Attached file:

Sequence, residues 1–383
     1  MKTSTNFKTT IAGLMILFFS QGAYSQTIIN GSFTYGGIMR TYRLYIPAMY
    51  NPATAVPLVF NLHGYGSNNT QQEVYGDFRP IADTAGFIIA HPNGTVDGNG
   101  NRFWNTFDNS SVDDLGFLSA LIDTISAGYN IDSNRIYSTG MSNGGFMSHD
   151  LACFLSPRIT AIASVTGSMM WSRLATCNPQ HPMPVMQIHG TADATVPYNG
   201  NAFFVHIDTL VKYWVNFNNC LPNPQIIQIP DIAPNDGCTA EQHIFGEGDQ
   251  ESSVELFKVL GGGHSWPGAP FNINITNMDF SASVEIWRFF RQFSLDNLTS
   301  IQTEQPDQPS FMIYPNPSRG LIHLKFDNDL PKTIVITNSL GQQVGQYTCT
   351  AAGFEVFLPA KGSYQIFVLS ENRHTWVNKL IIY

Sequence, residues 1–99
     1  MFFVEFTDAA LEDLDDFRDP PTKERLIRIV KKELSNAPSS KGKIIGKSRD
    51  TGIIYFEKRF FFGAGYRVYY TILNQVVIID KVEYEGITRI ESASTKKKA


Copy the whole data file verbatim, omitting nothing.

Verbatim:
Sequence, residues 1–383
     1  MKTSTNFKTT IAGLMILFFS QGAYSQTIIN GSFTYGGIMR TYRLYIPAMY
    51  NPATAVPLVF NLHGYGSNNT QQEVYGDFRP IADTAGFIIA HPNGTVDGNG
   101  NRFWNTFDNS SVDDLGFLSA LIDTISAGYN IDSNRIYSTG MSNGGFMSHD
   151  LACFLSPRIT AIASVTGSMM WSRLATCNPQ HPMPVMQIHG TADATVPYNG
   201  NAFFVHIDTL VKYWVNFNNC LPNPQIIQIP DIAPNDGCTA EQHIFGEGDQ
   251  ESSVELFKVL GGGHSWPGAP FNINITNMDF SASVEIWRFF RQFSLDNLTS
   301  IQTEQPDQPS FMIYPNPSRG LIHLKFDNDL PKTIVITNSL GQQVGQYTCT
   351  AAGFEVFLPA KGSYQIFVLS ENRHTWVNKL IIY

Sequence, residues 1–99
     1  MFFVEFTDAA LEDLDDFRDP PTKERLIRIV KKELSNAPSS KGKIIGKSRD
    51  TGIIYFEKRF FFGAGYRVYY TILNQVVIID KVEYEGITRI ESASTKKKA